I’ve been delaying my next post for several reasons:
1. Alexandria/life in Alexandria has been extremely busy.
2. It’s rare to get a consistent internet connection here.
3. I’m pretty lazy I think.
But this TIME online special on “Islam’s Soft Revolution” that is being led by Cairo women has forced me to write.
Why? Because if I read this in the States, I maaaaaaay have said, “Oh wow, it’s pretty cool that they’re covering Egyptian Muslim women, it’s cool that they’ve got a whole photo essay with hijabis.” And that would have also been a surficial, naive response but I would have been pretty grateful that TIME online would do that, considering the lack of positive images of hijabis in the US media.
But I’m not in the US. I’m here in Egypt, I’m living in a place where 80% of the women wear hijab, an Arab country that often feels more like just a Muslim country instead of an Arab country. A place where, as someone who is roughly a Muslim — roughly — I feel very out of place in this Muslim country because I don’t wear hijab. The rise of hijab here in Egypt, which is something that our Arabic instructors talk about a lot here, is a relatively recent phenomenon. There are several theories floating around that attempt to explain it but I’m not really convinced by any of them — there’s gotta be something else happening in this place that has made the hijab/the tar7a the hottest item on the streets of Ibrahimiyya. Anyways, here are a few that I’ve heard:
- It’s a class thing. Women wear hijab to hide their class status and blend in as opposed to being uncovered and having your class be more apparent by way of your hair, clothing, etc. Modesty as a function of your class status and not a choice.
- After the death of Sadat and the release of the Brotherhood folks that he had imprisoned, the Muslim Brotherhood had a much greater influence on Egyptian society and thus pulled it in a very conservative direction.
- The lack of a subculture here in Egypt – this one doesn’t have me fully convinced but the idea of a visible counterculture is pretty interesting. Came across this idea in an article by Osama Diab.
- According to some people I was talking to, mostly people from the higher social classes, the hijab is just a facade. It doesn’t mean that they are more religious per se, its just a fad (a fifteen year long fad, but a fad nonetheless). This is also coming from non-hijabis.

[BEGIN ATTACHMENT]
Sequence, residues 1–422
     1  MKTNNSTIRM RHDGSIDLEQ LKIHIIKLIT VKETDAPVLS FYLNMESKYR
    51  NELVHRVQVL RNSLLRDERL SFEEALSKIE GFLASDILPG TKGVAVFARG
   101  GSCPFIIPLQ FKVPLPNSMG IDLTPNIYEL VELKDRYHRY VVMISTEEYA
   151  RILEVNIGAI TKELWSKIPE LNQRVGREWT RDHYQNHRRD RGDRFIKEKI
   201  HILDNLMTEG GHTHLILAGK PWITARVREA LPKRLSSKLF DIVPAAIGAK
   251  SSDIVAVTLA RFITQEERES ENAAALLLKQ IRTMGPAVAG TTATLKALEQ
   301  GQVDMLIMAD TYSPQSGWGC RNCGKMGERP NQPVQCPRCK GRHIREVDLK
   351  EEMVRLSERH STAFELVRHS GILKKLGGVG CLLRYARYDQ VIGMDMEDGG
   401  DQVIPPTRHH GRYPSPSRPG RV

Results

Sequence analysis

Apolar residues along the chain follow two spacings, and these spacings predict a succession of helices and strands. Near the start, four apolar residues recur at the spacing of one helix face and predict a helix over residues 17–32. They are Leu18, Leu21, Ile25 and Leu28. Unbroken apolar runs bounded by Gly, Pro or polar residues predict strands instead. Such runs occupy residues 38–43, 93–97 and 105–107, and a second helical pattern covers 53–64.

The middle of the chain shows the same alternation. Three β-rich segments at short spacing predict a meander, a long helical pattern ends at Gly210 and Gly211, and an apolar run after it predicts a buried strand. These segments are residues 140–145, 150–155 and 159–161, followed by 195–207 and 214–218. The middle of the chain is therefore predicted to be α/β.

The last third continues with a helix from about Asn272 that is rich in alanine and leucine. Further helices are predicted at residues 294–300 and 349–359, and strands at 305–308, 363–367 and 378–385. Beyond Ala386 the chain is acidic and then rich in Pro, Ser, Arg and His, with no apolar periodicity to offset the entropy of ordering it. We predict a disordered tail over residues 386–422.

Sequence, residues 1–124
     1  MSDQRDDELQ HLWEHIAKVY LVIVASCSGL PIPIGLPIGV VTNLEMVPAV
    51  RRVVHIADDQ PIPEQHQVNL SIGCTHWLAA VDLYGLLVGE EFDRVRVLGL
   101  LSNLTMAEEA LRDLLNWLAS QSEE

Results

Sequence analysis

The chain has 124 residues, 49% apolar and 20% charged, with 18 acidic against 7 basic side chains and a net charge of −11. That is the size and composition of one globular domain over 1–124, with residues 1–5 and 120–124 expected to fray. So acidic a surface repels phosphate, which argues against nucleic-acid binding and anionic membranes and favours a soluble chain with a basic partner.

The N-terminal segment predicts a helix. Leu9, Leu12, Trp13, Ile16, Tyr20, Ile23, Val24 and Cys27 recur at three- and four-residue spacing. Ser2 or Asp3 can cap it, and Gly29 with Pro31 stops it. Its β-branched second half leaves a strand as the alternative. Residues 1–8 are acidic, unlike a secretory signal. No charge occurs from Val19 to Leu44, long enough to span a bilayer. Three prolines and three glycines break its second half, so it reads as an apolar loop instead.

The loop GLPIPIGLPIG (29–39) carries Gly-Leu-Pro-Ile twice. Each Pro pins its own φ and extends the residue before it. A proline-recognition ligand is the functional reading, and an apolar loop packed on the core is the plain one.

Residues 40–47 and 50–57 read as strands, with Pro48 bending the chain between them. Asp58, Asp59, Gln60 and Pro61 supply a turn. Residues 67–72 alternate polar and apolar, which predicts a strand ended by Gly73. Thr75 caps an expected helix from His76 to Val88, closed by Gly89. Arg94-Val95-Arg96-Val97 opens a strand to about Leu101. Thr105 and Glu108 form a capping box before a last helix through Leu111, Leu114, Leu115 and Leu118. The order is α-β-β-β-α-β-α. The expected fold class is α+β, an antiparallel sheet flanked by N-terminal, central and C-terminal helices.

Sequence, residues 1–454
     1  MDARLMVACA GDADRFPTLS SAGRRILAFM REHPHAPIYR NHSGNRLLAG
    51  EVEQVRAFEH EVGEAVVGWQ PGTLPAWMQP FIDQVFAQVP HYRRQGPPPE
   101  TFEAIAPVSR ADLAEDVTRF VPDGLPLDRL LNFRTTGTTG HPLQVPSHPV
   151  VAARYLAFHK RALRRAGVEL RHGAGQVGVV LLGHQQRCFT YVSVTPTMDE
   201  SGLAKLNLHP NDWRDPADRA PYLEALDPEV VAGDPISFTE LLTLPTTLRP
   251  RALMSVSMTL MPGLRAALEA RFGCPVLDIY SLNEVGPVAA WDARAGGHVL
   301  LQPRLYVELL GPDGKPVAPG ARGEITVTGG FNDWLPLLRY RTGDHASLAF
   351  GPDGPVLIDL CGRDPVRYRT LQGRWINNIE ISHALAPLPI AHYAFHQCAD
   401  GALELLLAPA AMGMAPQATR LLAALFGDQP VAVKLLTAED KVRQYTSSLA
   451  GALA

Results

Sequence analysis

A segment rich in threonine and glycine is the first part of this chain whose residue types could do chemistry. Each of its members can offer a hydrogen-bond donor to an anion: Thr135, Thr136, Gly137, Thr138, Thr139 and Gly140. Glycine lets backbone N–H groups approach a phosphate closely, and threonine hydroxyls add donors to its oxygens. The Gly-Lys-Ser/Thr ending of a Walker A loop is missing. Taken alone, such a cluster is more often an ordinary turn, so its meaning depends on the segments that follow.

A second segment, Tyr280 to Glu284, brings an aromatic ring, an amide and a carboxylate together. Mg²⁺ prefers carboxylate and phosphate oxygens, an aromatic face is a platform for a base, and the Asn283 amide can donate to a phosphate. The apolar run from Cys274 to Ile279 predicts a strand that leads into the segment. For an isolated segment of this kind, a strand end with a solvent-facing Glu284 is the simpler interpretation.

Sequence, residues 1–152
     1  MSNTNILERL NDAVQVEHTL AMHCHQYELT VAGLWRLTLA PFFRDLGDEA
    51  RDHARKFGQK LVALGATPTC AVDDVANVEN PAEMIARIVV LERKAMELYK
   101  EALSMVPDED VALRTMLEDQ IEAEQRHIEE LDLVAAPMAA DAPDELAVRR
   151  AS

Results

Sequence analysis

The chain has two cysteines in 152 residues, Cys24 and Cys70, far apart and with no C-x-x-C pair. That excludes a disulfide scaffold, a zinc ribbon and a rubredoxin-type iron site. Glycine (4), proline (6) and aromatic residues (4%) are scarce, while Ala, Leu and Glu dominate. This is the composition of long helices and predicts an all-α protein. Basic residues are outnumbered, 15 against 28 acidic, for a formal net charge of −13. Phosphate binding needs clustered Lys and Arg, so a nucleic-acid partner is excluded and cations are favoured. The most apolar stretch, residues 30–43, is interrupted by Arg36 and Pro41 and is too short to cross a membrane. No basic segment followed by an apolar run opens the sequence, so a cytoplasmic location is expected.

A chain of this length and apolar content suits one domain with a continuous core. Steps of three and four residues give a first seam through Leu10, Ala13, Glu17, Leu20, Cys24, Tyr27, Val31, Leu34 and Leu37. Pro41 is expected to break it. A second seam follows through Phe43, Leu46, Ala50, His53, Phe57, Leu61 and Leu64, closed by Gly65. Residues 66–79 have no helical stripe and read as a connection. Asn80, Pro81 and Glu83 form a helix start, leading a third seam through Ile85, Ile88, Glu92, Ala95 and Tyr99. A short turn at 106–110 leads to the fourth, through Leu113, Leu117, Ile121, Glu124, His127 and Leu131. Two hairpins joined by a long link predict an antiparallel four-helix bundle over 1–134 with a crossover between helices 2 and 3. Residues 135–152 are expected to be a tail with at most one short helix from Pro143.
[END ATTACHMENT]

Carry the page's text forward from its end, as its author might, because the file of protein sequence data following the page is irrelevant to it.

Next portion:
- I’ve also been told that if I don’t want men to 3akis (verbally harass) me on the streets, I should cover up or wear hijab. So wearing it as a deterrent from sexually deprived men is another suggestion.
- There are more, I’ll add them as I go along. I hope to virtually ponder out loud on this topic some more, it’s really complex.
ANYWAYS, so what’s interesting about this TIME photo essay is several things. First, as I believe and as I hope that others also believe, it is very problematic. It presents these “modern” Muslim women as if it is a grand suprise that they wear the hijab AND do karate. As if it’s a huge surprise that a woman wearing hijab can live in the 21st century -literally and figuratively. It’s really condescending to the women in it, condescending to a Egyptian society which has been in the “21st century” just as long as any Western country. It’s condescending to the niqabis at our university that speak better English than many Americans that I know and are competing at the highest levels in their respective fields or the hijabi doctors in our dorm that give us Americans a proper diagnosis for whatever random illness we’ve picked up in less than a minute. It’s absurd to be “surprised” about these things and it proves how little progress American media has made.
The first image, about Dalia Ziada, is not only newsworthy but deserves an article of it’s own – not because she’s wearing hijab but because she is an activist doing important work in a place where it is very difficult to be active on really any issues. But even the subtitle beneath her picture is condescending and trivializing: “Activist in a Veil”. Seriously? You’re suprised by an “activist in a veil”? Have you seen ANY protest at the University of Michigan campus? Any campus at that? Any protest in the Arab world? To essentialize is to pretty much define a group by their “essence”. There’s a fine line between humanizing and essentializing – this piece has not only crossed the line but is doing so proudly while the editors of TIME are probably patting themselves on the back for releasing such a “cutting edge” piece. Try harder, TIME.
Here’s the info about Dalia: Dalia Ziada, a champion of women’s rights and free speech, translated a comic-book history of Martin Luther King into Arabic in order to promote civil disobedience. She is also the organizer of Cairo’s first human rights film festival. When authorities shut down the movie theater she had rented for the affair, she moved the entire opening night proceedings to a boat on the Nile, where the films could be shown beyond the reach of the law.